He watched the Republic of Ireland for the first time in 1974 at Dalymount Park and Paul Boyle has since gone on to become one of Ireland’s most-capped supporters.
By Chris McNulty in Copenhagen
In the 43 years since, Boyle, a native of Meenaneary in south-west Donegal has missed only a handful of Republic of Ireland away games.
Picture: Paul Boyle with former Republic of Ireland player Kevin Kilbane
He will be among the 2,305 Irish fans in the away end of the Parken Stadium in Copenhagen tomorrow night for the 2018 World Cup qualifier against Denmark.
He’s been at all 23 of Ireland’s games in major tournaments and has seen all the iconic moments in the flesh.
From Ray Houghton in Stuttgart, Ronnie Whelan in Hanover, Packie Bonner in Genoa, Houghton again in New Jersey, Alan McLoughlin in Belfast, Shay Given in Tehran, Robbie Keane in Ibaraki to Robbie Brady in Lille, he’s lived the moments.
“I don’t know how I started,” he laughs now.
“Things just sort of kicked in really. The first two games I saw in Dalymount, we beat Soviet Union 3-0 and Turkey 4-0. Don Givens got all of the seven goals.
“Soon after that, I started going to away games. I love the travelling. I have been to every away game since 1974 or ’75 apart from the wee while I was out of action.”
That was in June 2009. He was given the Last Rites. Folks at home heard the news; Paul Boyle had lost his battle with bowel cancer.
He’d booked to watch Ireland play Bulgaria in Sofia that same week.
It is eight years now since he was given an hour to live in a London hospital. There had been complications with his surgery, he contracted septicaemia, his liver, lungs and brain had all ceased functioning.
He was six weeks in intensive care and, remarkably, made a full recovery.
“I have been at every single qualifier this campaign,” he says proudly.
Paul has been living in Cricklewood in London, where he worked as a carpenter, since 1971. He did return for a spell in 1973 and passed out as a member of An Garda Siochana. But he left after four weeks working. The date is still fresh in his mind: April 30, 1974.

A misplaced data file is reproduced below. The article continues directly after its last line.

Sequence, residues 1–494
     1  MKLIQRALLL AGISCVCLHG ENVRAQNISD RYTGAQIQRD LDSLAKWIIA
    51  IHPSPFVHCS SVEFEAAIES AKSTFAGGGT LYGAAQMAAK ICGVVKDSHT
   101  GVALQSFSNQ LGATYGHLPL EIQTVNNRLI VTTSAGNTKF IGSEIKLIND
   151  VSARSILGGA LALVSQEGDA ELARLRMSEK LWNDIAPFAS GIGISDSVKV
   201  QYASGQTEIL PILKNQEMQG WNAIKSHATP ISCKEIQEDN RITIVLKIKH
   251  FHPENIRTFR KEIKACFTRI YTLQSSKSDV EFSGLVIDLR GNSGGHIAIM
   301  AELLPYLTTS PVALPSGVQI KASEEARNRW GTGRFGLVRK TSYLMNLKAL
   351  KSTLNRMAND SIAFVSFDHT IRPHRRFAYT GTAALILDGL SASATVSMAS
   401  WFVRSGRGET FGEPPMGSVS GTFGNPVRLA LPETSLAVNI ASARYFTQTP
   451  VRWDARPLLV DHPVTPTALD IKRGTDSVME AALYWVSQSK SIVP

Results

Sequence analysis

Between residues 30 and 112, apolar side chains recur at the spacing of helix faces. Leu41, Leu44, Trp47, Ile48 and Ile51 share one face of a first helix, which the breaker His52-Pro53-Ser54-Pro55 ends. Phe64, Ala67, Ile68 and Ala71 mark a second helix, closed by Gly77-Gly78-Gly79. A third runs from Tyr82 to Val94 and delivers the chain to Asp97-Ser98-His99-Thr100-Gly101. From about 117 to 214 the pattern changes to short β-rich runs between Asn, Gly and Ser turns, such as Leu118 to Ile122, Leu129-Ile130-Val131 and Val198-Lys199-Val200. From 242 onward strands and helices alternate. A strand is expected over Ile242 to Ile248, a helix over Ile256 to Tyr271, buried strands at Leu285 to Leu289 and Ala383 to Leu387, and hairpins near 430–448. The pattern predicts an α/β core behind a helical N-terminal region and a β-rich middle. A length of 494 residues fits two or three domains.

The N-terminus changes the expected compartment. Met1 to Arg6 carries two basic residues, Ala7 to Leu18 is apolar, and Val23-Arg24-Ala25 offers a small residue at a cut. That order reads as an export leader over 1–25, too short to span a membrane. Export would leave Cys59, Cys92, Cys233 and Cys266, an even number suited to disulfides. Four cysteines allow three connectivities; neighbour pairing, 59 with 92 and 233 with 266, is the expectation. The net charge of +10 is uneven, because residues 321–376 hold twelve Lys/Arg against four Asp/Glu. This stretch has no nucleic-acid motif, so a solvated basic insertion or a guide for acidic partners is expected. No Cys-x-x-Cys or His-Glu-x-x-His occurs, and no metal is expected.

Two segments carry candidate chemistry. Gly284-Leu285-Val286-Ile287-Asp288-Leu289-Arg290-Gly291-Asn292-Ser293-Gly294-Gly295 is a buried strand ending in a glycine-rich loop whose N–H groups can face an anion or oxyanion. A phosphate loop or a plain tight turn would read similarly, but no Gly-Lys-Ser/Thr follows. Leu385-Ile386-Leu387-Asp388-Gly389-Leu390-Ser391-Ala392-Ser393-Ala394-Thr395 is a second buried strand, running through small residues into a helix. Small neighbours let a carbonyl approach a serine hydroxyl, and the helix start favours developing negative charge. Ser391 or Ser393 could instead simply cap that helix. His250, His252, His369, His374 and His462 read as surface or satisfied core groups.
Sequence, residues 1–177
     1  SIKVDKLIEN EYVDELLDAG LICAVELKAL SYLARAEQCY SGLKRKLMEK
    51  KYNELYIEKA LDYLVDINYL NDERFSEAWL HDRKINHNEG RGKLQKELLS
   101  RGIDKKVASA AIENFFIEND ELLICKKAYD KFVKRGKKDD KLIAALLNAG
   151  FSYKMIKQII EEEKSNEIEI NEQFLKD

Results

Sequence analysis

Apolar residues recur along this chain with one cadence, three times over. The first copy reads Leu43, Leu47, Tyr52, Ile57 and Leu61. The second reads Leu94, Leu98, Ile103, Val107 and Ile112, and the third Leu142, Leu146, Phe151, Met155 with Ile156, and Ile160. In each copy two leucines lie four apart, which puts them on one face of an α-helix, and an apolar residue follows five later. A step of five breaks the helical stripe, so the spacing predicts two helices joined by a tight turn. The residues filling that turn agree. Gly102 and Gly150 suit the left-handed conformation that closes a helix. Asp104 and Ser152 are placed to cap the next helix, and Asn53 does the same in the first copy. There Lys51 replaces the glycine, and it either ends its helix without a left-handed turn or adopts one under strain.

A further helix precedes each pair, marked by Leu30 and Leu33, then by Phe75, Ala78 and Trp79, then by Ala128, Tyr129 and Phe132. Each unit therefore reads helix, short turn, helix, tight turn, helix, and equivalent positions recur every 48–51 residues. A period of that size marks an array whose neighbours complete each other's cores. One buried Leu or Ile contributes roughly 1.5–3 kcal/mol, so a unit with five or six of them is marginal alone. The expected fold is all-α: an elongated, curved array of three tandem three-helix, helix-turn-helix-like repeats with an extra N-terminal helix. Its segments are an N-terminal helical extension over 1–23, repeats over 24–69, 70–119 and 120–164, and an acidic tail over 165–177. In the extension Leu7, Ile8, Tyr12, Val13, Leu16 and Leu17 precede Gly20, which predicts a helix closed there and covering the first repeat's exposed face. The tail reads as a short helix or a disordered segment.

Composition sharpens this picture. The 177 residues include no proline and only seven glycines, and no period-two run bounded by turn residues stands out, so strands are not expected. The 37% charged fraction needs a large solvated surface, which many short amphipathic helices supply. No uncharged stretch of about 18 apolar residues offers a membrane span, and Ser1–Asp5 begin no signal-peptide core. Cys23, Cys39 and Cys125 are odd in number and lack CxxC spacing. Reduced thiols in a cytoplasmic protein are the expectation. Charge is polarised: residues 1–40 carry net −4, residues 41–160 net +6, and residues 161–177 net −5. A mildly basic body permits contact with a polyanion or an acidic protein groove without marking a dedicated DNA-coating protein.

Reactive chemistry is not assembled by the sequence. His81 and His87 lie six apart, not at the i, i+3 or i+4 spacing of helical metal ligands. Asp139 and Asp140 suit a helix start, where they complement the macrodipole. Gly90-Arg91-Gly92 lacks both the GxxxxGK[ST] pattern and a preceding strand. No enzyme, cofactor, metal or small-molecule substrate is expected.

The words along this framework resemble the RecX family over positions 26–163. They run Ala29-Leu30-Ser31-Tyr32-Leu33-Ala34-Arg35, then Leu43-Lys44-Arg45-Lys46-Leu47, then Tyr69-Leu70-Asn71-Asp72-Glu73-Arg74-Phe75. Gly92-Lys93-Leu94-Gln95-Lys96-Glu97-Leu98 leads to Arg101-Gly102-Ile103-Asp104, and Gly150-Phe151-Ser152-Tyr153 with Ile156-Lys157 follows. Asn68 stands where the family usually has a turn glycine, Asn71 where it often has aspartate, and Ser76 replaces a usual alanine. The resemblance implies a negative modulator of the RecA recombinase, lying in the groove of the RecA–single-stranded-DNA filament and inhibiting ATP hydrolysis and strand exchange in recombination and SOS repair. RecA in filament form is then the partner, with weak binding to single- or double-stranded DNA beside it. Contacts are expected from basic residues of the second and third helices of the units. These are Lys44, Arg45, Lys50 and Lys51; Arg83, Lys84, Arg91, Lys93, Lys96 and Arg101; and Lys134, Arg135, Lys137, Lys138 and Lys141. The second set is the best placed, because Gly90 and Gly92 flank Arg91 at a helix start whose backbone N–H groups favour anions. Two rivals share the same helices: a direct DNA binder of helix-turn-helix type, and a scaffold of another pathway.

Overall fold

It was the Sunday afternoon that Finn Harps were beating St Patrick’s Athletic in the FAI Cup final. Earlier this year, he was back home to support Harps a couple of times and he’s never far from home, holidaying regularly in Kilcar and also avidly following the travails of the Donegal GAA team.
He hails originally from Crove and was at school in Meenaneary. He is a cousin of Seamus Coleman’s mother Máire and has watched proudly as the Killybegs man has gone on to become the Irish captain.
“I got to know him in the Faroe Islands,” Paul says.
“Seamus is the perfect gentleman. I was at home when there was a night for him in the Blue Haven recently and I have met him a couple of times. He is the nicest kid and it’s great to see him doing so well.”
Paul’s son, Scott McBrearty, is a cousin of Donegal footballer Patrick McBrearty, and won a Donegal U21 title with Kilcar.
Scott is now based in Reykjavik and Paul isn’t long back from the Icelandic capital – where he had his favourite night watching Ireland; a 4-2 win in 1997 when Roy Keane netted twice.
Letterkenny man Malachy Gormley is another who has an equally impressive record of attendance and the two met up again recently in Letterkenny.
Paul was none too pleased with a trip to Moscow in 2002. “People were getting robbed left, right and centre – and that was only in dealing with the policemen!”
Would he go back to Russia should Ireland qualify for the World Cup?
“God save us, I would surely.”